President Obama joined leaders and diplomats from more than 190 countries who convened in Paris today to kick off a two week effort towards negotiating an international climate change agreement. The United Nations' sponsored event, the largest gathering of world leaders in history, is an urgent, sweeping attempt to reduce global carbon emissions and stave off the worst consequences of climate change.
2015 is on track to be the warmest year on record. In fact, nearly all of the warmest years on record have occurred since 2000. During that time, the frequency of extreme weather events -- from droughts and floods, to hurricanes and freezes -- have also risen significantly. The vast majority of scientists agree that these changes largely stem from a rapid increase in greenhouse gas emissions, primarily from the burning of fossil fuels.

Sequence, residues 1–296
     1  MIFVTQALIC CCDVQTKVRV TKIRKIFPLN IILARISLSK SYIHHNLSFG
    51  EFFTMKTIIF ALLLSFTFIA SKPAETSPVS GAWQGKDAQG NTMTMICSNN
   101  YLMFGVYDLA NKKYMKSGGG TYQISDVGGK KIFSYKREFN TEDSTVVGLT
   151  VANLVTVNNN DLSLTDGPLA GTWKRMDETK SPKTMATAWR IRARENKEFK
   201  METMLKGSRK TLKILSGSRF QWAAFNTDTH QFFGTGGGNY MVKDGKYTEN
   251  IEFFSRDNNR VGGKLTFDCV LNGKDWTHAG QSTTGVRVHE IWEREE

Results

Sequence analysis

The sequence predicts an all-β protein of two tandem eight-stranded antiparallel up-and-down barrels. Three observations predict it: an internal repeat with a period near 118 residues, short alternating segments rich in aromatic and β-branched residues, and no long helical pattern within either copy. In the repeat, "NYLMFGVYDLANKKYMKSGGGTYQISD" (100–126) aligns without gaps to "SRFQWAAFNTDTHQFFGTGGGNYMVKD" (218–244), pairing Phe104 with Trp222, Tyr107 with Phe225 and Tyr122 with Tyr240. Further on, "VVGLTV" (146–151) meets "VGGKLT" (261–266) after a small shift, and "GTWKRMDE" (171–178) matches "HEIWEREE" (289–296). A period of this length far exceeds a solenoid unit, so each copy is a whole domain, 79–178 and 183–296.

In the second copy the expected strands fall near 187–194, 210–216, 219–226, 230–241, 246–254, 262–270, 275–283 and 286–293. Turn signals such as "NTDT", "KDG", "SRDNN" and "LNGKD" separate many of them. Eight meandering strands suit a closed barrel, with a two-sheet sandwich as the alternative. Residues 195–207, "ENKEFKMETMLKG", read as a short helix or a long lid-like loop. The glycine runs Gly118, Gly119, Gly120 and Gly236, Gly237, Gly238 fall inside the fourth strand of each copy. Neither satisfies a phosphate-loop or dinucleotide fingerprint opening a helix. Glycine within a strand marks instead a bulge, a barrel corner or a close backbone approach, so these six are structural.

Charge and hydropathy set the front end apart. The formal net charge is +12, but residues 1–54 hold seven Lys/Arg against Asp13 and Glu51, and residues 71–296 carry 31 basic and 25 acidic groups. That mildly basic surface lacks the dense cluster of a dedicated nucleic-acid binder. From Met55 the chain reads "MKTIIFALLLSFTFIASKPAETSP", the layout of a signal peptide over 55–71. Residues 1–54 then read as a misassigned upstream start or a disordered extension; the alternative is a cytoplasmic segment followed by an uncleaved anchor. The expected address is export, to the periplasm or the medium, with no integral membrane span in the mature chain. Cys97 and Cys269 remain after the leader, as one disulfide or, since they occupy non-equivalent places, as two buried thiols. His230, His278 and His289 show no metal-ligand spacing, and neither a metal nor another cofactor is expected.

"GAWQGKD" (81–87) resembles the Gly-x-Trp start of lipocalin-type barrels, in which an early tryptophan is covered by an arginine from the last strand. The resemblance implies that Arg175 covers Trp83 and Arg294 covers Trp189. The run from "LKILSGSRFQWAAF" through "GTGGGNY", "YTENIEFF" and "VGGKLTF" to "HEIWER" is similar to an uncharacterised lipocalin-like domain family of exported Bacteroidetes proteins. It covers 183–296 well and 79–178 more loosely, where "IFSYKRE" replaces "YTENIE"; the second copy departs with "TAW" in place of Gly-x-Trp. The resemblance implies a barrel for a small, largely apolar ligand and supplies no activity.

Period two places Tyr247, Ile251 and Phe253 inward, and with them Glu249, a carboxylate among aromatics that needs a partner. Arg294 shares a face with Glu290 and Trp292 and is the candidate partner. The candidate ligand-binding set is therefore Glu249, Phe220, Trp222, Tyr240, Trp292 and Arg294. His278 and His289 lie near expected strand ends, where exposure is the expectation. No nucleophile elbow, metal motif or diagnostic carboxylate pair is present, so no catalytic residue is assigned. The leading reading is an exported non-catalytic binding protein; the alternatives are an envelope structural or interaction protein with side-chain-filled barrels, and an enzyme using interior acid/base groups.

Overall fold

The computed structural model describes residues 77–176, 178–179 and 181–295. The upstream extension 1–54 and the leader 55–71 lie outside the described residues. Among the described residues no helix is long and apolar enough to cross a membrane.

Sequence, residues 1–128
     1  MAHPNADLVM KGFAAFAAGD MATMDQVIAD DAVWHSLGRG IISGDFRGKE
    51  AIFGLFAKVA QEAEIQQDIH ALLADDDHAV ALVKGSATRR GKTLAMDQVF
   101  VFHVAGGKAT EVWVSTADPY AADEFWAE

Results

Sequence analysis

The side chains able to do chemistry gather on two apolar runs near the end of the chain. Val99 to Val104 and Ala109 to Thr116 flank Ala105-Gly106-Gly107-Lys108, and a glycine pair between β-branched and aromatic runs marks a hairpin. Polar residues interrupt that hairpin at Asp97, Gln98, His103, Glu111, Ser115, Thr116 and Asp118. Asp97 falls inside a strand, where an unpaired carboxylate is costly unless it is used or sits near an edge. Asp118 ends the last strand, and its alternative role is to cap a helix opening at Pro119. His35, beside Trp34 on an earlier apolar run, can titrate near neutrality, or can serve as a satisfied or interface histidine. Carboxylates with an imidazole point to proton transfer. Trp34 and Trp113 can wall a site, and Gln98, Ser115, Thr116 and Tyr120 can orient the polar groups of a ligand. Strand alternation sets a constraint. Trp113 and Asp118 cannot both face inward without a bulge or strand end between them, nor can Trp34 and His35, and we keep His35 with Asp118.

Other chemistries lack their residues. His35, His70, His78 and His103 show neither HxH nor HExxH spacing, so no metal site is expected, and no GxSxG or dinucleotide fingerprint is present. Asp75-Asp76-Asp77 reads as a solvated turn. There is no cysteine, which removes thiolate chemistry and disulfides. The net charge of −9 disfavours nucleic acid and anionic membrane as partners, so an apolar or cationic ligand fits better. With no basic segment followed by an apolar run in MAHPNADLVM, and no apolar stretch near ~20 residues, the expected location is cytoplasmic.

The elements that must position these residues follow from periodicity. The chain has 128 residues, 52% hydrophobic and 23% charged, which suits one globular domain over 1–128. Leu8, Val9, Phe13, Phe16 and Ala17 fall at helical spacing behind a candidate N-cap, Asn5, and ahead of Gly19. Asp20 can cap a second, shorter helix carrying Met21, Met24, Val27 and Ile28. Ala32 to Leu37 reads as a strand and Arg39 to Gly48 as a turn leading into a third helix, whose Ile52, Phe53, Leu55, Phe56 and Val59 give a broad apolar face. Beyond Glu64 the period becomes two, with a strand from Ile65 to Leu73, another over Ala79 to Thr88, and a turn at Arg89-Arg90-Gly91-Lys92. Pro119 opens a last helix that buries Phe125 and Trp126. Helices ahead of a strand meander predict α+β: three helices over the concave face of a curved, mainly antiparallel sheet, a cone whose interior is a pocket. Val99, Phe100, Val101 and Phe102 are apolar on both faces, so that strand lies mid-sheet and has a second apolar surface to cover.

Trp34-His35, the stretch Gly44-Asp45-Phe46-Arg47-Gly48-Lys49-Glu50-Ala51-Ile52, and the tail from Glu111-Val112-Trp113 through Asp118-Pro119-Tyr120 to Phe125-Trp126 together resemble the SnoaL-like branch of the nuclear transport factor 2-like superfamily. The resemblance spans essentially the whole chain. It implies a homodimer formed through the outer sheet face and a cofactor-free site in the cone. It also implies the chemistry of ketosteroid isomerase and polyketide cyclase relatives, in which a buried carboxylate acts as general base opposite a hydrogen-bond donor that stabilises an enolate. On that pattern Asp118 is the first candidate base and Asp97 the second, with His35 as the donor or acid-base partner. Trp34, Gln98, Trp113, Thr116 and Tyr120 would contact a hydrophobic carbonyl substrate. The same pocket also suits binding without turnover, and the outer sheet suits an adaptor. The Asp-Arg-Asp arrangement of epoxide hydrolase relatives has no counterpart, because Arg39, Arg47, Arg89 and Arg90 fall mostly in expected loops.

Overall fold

Perhaps the greatest inequity of the crisis is that those least responsible for contributing to climate change -- people of the world's poorest nations -- will likely continue to be the most adversely impacted by its consequences.
Explore the issue in greater depth with these excellent interactive resources from around the web. Additionally, click here to download a series of KQED Science Education e-Books on the science of climate change.
A good short explainer on the basic science of climate change, narrated by celebrity scientist Bill Nye ("the Science Guy") and produced by the Climate Reality project.